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Home sweet homework

Jordan Benn said he didn't have a chance to goof off when it came to school work: The two people he lives with – his mother and grandmother –were both teachers.

“If one didn't get me, than the other one would,” he said with a laugh. “They accepted no excuses when it came to homework, and they would not slack off until I did it.”

That enforced diligence in the homework department paid off. Benn has recently been accepted to the Massachusetts Institute of Technology, the first graduate of York Comprehensive High School in recent history to attend MIT.

Benn has been accepted at six other schools, including Cornell and the University of Chicago.

He has never visited MIT, a prestigious Boston college that has seven Nobel Prize winners on the faculty and a 12.5 percent acceptance rate. The 18-year-old plans to major in mechanical engineering and become a professor.

His academic roots were planted early. His mother, Deloris Benn, is the beginning band director at York's Harold C. Johnson Middle School. Her band students are required to practice 100 minutes at home a week – no excuses.

Benn, who plays the baritone saxophone, says that's a long time, particularly to a busy middle-schooler.

“You had to get a parent to sign a note saying that you had practiced that long, and she would never back off,” he said. “One hundred minutes is one hundred minutes, even if your mom is the band director.”

His grandmother, Dorothy Williams, taught English and worked as a librarian for 34 years. She says she rarely met a good student who didn't love to read.

For her grandson, it started with the newspaper.

“Reading the paper was just something we did everyday in our house, and I would read it out loud and he would kneel beside me and follow the words,” she said.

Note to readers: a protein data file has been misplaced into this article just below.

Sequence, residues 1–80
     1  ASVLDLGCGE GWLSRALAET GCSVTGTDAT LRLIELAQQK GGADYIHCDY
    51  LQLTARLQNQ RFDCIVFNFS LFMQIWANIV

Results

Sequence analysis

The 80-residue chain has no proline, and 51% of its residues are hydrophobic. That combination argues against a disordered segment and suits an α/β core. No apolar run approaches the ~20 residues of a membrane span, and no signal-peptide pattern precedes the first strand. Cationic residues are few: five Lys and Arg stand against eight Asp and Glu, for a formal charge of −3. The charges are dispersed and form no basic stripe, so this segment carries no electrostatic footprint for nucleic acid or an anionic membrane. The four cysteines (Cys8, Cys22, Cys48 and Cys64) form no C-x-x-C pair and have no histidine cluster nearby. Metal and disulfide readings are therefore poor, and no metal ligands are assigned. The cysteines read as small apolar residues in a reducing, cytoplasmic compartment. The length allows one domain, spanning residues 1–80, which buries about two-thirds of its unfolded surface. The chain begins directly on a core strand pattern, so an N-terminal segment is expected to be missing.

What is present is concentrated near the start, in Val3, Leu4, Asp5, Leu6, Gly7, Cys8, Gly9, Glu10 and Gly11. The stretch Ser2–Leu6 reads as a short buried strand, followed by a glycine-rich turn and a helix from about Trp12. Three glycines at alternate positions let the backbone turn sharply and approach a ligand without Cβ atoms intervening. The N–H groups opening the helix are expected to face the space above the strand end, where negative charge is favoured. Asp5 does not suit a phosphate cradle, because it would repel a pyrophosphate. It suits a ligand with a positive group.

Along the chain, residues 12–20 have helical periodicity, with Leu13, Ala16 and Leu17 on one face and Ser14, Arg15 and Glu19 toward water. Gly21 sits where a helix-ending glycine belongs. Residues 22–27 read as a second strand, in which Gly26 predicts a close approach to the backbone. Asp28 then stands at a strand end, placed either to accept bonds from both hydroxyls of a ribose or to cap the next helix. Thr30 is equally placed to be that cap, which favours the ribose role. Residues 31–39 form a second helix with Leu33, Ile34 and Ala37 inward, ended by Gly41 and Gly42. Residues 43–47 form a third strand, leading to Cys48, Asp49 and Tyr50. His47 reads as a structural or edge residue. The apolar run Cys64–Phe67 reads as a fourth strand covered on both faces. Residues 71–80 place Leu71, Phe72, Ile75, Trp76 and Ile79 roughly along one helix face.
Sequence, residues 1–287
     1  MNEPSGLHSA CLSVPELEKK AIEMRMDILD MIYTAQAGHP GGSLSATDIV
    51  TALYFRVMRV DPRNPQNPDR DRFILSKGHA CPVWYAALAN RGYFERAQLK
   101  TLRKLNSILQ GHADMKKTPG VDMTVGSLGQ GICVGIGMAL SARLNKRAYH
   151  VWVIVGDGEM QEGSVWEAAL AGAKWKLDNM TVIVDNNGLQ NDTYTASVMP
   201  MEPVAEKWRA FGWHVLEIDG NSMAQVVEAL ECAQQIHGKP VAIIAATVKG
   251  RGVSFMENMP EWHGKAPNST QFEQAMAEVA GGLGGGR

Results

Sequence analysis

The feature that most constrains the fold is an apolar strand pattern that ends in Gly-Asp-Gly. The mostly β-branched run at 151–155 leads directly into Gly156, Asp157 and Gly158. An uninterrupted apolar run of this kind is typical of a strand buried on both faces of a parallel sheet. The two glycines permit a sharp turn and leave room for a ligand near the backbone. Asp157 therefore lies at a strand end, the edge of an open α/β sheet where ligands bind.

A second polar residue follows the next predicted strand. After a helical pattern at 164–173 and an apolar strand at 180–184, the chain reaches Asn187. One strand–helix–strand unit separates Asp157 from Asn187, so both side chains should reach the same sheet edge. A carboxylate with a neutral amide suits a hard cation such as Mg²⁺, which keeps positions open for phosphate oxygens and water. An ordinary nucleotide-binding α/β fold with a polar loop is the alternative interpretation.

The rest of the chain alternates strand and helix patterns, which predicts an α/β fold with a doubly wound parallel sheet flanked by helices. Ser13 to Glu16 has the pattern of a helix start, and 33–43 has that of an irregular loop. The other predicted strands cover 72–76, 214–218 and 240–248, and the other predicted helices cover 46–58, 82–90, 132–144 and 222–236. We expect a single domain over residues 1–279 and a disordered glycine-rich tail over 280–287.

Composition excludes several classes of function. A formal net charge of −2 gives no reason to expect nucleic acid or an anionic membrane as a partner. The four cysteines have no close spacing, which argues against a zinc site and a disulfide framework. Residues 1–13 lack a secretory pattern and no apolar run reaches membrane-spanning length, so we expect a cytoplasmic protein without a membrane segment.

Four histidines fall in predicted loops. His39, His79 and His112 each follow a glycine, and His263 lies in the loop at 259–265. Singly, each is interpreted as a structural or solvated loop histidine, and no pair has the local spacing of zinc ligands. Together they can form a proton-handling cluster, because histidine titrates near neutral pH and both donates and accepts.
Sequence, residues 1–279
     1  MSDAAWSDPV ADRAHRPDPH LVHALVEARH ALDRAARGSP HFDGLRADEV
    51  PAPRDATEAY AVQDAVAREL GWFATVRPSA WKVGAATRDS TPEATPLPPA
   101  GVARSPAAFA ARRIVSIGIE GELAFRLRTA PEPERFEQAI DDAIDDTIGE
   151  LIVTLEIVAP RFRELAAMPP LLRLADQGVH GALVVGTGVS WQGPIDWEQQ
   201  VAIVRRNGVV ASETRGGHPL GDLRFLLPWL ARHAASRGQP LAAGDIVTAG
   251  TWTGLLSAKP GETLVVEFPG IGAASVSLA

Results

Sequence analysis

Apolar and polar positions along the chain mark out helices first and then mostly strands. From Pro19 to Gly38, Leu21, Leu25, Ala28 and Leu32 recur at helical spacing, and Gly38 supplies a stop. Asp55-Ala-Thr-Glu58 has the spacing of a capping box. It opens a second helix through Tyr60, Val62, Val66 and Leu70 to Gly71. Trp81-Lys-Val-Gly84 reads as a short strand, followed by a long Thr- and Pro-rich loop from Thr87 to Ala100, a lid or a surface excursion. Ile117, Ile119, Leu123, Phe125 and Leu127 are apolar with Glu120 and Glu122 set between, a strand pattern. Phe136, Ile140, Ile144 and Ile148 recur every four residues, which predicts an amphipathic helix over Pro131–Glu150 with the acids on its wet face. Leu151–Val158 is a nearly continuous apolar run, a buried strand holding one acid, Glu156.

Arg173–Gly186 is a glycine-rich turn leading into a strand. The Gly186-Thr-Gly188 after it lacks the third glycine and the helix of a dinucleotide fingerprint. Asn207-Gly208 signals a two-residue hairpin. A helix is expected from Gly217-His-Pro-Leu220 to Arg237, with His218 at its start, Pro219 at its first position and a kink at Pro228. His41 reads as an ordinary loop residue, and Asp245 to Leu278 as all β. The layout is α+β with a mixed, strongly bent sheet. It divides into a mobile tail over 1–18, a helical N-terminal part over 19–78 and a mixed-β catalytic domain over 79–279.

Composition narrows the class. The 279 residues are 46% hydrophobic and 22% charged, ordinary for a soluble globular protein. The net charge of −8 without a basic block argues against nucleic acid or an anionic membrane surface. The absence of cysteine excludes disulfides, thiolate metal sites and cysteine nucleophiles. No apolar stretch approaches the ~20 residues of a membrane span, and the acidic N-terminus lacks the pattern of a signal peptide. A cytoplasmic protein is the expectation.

She also would clip articles. When Jordan got home, they would discuss them.

She remembers how he became obsessed with dinosaurs when he was in elementary school – not only could he identify a tyrannosaurus from a stegosaurus and a triceratops, but he could spell the creatures' names.

“Oh, and he knew which were carnivores and omnivores, and we got him a dinosaur book and he went absolutely crazy about all those animals,” she said. “And when he was good and deserved a reward, well there was no question where he wanted to spend the day: at Discovery Place.”

She said Jordan was equally devoted to the hundreds of Marvel comic books inherited from his uncles.

“What we learned early on with Jordan was if you wanted to get his attention, make it a learning experience,” she said. “That child has always been hungry for knowledge.”

Jordan says the two women have been like two mothers.

“My mother is the strict disciplinarian, the iron rod, but my Grandma is my guiding hand,” he said. “They've both told me I could accomplish about anything I wanted to.

“I understand now why they were so hard on me about my homework.”

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